returns to the University to resume his
fulltime academic studies with a better

understanding of what will be expected
of him when he graduates."
The first student to sample the new
program is Larry J. Bates, 21, of San-
ford, who is studying fruit crops in the
College of Agriculture.
Larry, who will enter his senior year
when he resumes his studies in February,
has been assigned to Growers Fertilizer
Cooperative at Lake Alfred, for his on-
the-job training. He is serving an intern-
ship in each of the departments of the
business, working with specialists in each
His training involves learning the ropes
in the office, the plant and the field. In
the office he is learning methods of ac-
counting and billing, procedures in buy-
ing fertilizer ingredients and pesticides,
and source materials used by the trade.
In the plant, Larry may be found
wrestling a calculator, computing ferti-
lizer formulation. For his field training,
Larry is assigned to work with one of
the cooperative's representatives. Larry
accompanies the representative when he
calls on patrons of the cooperative.
According to Dr. Sites, "The Coopera-
tive Student Practical Training Program
benefits the student, the educator and
the employer. The student needs to learn
some of the methods of applying his
technical know-how. The educator wants
to know if there are any gaps in the sub-
ject matter program, and if he is teaching
the student what he needs to know. The
employer is interested in qualified per-
sonnel, and a program of this nature
gives him a chance to evaluate the caliber
of the individual and his training."
Dr. Sites points out that this "bird's-
eye" view of industry allows the student
to make a number of contacts and to look
over many different positions. If he sees
one that appeals to him he can use his
senior year at the University to con-

centrate on the requirements of that
specific job.
The citrus industry is not all new to
Larry, who for years has helped his
father in his 80-acre grove at Sanford.
"The Practical Training Program is es-
pecially valuable to students," he says,
"because it gives them a pretty good
idea of what is expected of them when
they are graduated then, too. I
know of no other way a student could
receive training in all departments of a
business even most permanent em-
ployees do not get this sort of training,"
he adds.
The Growers Fertilizer Cooperative
has been awarded a certificate acknowl-
edging their participation in the pro-
gram. The certificate was awarded by the
College of Agriculture, authorized by the
Department of Fruit Crops, and signed
by Dr. J. Wayne Reitz, University Presi-
Dr. I. W. Wander, General Manager
of Growers Fertilizer Cooperative, said
"We are glad to participate in a program
with as much merit as this one. It makes
a tighter bond and a larger channel of
communication between university and
industry officials."
"Besides," he continued, "we often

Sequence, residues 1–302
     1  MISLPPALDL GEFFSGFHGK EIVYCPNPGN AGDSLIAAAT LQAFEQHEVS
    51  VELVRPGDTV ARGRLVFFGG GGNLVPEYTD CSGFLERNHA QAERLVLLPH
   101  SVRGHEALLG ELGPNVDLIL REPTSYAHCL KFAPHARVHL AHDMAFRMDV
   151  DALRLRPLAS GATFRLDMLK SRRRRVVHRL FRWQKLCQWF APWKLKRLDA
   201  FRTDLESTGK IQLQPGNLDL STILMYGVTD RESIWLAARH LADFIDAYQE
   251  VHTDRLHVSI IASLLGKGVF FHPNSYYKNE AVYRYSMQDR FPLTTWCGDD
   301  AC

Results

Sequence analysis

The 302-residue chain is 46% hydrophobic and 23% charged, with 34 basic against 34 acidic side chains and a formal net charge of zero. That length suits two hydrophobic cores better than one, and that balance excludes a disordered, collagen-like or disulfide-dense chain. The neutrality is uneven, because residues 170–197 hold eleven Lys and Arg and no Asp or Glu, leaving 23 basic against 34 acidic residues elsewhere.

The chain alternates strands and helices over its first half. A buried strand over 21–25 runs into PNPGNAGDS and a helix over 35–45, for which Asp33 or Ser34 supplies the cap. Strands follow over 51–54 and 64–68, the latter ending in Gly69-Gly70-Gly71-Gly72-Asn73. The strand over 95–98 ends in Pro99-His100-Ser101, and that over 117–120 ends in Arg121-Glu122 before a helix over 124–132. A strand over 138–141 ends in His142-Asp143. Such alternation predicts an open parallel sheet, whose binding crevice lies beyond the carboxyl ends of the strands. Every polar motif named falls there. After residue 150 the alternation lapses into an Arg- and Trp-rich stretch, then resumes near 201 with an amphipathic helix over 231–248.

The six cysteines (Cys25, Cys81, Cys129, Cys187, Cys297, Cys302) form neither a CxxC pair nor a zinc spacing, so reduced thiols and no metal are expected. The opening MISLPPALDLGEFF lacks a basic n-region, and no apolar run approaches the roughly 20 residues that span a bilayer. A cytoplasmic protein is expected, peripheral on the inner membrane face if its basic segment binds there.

find that we can learn from these young
people. The student just out of the class-
room may have a fresh approach to some
of our old problems."
So the students are going to work
for limited periods, at least. If the Co-
operative Student Practical Training Pro-
gram continues to work as well as it
apparently is working now, it will prob-
ably be adopted by other departments of
the College of Agriculture and uni-
versity students will find themselves
"really getting down to business."


Provost Speaks

Careers In Our

New Agriculture

Provost for Agriculture
University of Florida

AGRICULTURE is the world's most vital and most uni-
versal industry. It exists wherever people use food and fibre,
which is just about everywhere people live. It exists in the
heart of New York City, in downtown Chicago, and in our
far-flung military installations. Retail business is as much a
part of agriculture as it is of the automobile trade. All of the
farm-to-market process production, harvest, storage, process-
ing, transportation, selling, wholesale and retail distribution -
all this is agricultural business. The manufacture and sale of
farm equipment, fertilizer, insecticides, fungicides, packaging
materials, and the advertising and financing incident to these
enterprises, all these, too, are a part of agricultural business.
With all our phenomenal industrial growth, agriculture still is
America's greatest industry, accounting for 40 per cent of ex-
penditures for the gross national product.
Yes, agriculture is a big, complex and dynamic industry.
It has become highly technical and more businesslike. The
phenomenal growth of supermarkets alone has made it ter-
rifically competitive, and the quality-price factor is more im-
portant today than ever before. Quantity and uniformity, too,
are key factors in marketing.
A revolution in farm practice has resulted from these de-
mands. Some changes have been gradual. The scythe has given
way to the mowing machine, and the mule has given way to
the tractor. Other changes have been rapid and spectacular.
Consider how frozen concentrate has affected our great citrus
industry. For that matter, consider how the discovery by ex-
periment station workers that earworms in sweetcorn can be
controlled by DDT, resulted in a new $10,000,000 crop for
Fertilizers and pesticides cost money too much money
if used inefficiently. Unwise investment in equipment, unwise